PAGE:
Iran- up with a tape and can be pulled
Mit flat to be washed and ironed. These
tre easily made, and all fear of the
naids appearing with a dirty piece if
ace gathered up on their heads is
ITOided. It must be understood that
vhen the housemaid is out and the
:ook has to answer the door she also
vears the same sort of costume.?Phil
idt lphia Press.
A hnt AlaakaOTvoa to the Candle Plan.
When the Alaskan Is snowed in and
s without a light he Inserts the tail
)f n candle fish into a crack in the
able and torches :i match to its nose.
It gives a clear three-candle power
Ight. The backbone Is largely formed
)f phosphorus, which fully accounts
or the strength of the flame and the
icat developed. The substitute for cod
iver oil retards ran'd burning, as tal
ow acts in an ordinary candle. The
Ish is valuable as tood. It may also
>e used as a substitute for cod-liver
)il, which, n'ding the natural heat of
Tie body, selves a*?a protection from
ihe severe cold. It is lo be Loped that
icien'ists w iil discover a way by which
die skin of this fish may be made into
Nothing and its backbone sharpened
nto miners' picks. ? Philadelphia Sat
lrday Evening Tost.
This In au Inexpensive Deaaert That
Im Good Any Season of the
This is a delicious and inexpensive
k-ssert. .Simmer until tender six firm,
art apples which have been cored and
peeled. Put them in a porcelain-lined
if.ueepan with a sirup made of half a
rupful of water and half a cupful of
sugar. Cover them closely and let them
:ook on the top of the stove or in the
)ven. fiemove the cover in either case
v,o or three times to baste the top of
the apples with the sirup in which they
ire cooking. They should be tender
L'uough to be easily pierced with a
straw. Lift them up one by one on a
plate and set them away to cool. While
:hey are cooking boil down the peelings
ind cores of the apples in water with
linlf a dozen other apples cut in bits
vi thout reraovingthe peeling and cores.
Strain the juice of the apples after they
nre boiled tender, pressiug it through
i bag. Boil it down 20 minutes, add a
:i:pful of sugar for every cupful of
juice, and boil it to a jelly. After tilling
the cores of the apples with this jelly
ind glazing- them with it let them cool
igain, when the jelly should be firm.
They are verj* nice for supper, as thej
ire served with whipped cream. They
may be made into meringue by covering
them with a meringue made of the
whites of three eggs beaten to a stiif
troth with three tablespoonfuU of pow?
dered sugar. Let the meringue that
covers the apples also cover the edge of
the p'.atc they rest on. Set the plate
also on a block of wood. Dredge the
meringue over the apples thickly with
powdered sugar, and let it brown deli
.?ately for ten minutes. If this work is
properly done the jelly in the apples
will not be melted. The plate s'hculd be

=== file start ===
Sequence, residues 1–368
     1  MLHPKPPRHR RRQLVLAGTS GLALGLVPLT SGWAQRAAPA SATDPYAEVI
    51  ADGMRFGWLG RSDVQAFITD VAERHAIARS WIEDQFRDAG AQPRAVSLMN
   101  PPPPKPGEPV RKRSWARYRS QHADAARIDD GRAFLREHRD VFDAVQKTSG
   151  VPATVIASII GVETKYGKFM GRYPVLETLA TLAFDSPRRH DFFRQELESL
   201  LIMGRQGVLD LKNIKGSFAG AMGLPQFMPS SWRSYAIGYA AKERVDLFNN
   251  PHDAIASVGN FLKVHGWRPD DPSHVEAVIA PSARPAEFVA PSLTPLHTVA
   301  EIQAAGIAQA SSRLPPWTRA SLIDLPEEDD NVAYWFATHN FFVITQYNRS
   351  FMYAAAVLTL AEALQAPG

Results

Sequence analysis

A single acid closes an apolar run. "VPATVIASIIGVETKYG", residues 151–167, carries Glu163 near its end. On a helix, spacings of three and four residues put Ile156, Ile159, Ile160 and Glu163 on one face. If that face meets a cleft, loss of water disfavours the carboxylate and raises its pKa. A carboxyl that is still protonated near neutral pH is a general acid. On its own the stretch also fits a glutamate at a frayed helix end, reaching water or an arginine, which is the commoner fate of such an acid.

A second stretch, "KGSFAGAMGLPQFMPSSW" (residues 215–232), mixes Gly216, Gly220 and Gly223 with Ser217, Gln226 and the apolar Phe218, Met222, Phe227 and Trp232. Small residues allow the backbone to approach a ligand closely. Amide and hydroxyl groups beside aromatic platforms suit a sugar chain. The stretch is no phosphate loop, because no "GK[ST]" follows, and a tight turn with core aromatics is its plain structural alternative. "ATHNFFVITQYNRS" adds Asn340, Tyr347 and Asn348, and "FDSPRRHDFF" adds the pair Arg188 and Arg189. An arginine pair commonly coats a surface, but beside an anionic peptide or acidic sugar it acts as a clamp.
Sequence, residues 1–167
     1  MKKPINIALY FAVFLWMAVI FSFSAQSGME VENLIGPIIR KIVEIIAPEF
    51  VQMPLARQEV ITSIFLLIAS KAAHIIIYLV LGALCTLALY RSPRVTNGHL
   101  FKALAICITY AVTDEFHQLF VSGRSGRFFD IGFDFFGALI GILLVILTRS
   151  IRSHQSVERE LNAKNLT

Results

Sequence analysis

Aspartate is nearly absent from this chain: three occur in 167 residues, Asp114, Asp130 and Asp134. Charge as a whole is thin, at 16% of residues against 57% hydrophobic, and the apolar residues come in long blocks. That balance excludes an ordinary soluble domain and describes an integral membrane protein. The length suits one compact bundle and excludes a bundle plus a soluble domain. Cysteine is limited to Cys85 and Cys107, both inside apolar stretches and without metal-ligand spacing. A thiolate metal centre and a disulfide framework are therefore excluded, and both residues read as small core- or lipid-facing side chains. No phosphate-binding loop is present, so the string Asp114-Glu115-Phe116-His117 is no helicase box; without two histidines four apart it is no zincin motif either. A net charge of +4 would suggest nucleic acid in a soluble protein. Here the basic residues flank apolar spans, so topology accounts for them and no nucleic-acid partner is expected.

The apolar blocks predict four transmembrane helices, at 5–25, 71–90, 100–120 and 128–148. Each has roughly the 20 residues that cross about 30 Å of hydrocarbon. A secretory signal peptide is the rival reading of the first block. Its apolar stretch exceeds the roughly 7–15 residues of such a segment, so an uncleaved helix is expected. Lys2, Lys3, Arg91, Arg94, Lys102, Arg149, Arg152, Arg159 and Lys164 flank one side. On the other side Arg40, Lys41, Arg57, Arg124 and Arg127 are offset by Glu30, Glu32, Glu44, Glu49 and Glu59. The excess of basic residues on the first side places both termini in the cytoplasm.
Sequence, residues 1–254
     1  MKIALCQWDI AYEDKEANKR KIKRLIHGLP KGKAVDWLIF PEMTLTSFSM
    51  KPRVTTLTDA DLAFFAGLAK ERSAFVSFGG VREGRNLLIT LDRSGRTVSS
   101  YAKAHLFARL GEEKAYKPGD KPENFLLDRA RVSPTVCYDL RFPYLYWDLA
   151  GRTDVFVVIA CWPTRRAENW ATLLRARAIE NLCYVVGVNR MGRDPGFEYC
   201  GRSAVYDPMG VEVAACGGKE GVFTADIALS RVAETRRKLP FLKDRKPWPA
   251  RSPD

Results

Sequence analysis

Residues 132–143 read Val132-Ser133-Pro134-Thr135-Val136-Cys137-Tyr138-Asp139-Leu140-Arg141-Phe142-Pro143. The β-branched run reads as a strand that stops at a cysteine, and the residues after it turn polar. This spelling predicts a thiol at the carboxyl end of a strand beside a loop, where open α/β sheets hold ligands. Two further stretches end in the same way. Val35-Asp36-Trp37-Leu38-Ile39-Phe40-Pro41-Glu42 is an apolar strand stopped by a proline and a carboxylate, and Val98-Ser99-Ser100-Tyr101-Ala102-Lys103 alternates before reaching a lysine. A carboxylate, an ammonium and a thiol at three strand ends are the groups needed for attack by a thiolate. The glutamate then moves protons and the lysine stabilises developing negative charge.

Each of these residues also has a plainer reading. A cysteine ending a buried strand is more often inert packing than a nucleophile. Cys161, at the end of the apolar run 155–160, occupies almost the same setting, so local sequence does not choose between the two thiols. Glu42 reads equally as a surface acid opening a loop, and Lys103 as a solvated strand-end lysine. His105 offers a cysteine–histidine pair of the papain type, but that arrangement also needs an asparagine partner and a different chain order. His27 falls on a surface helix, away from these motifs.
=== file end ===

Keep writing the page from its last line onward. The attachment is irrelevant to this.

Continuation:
eery thoroughly covered with the
rneringue.?N. V. Tribune.
Crusade Against Cradles.
"The hand that rocks the cradle is the
hand that rules the world" was n very
pretty sentiment in its day. Even now
orators who are not quite up to date on
the ethics of "chiid culture" do a little
soaring along this line. They don't
know that well-regulated mot hers have
started a crusade against cradle rock?
ing, and that there is a stigma on the
hand which persists in j??fT'no the
baby. Apparently the electricians did
not know this, either, for they have in?
vented a cradle which can "be rocked by
electricity. All the fond mother has to
do is to put the pug in the switchboard,
and the cradle will rock until the baby
grows up and pulls the plug out him?
self, if some one doesn't do it before
that. Consequently, the prospects are
that if the cradles of the world do goon
swinging the hand that rocks them will
be that of the electrician. In that case,
maybe-the hand that rocks the cradle
will continue to be the one that rules
the world, but there will scarcely beso
much sentiment about it.?X. Y. Sun.
JOKE BRINGS TROUBLE.
ftlneiciuti Herrmann I* Sued lorTrae*
ticins Slelorht of Hand on
The Ilerrinunns, the magicians, have
always been noted as practical jokers,
und the stories that have been related
of their adventures would fill volumes
of space in the newspapers. That it
does not always pay to perform prac?
tical jokes on persons one may meet.
Leou Herrinuu, the present urince^of
oiagicluus, is likely to find Out to bis
sorrow. It Seems thai last season,
while the company was touring the
western states, Leon had some fun with
a Pullman ear porter on one of the
trips the Company made over the North?
ern Pacific railroad.
The sequel to last season's joke is
just coming to light now, and it is
not funny at all ?at least, not from the
Herrmann standpoint. Leon had been
asleep ull night iu the Pullman, and
just at dawn upon awakening he saw
the porter getting ready to leave the
ear. It was a lunch station, and un?
doubtedly the darky was headed for a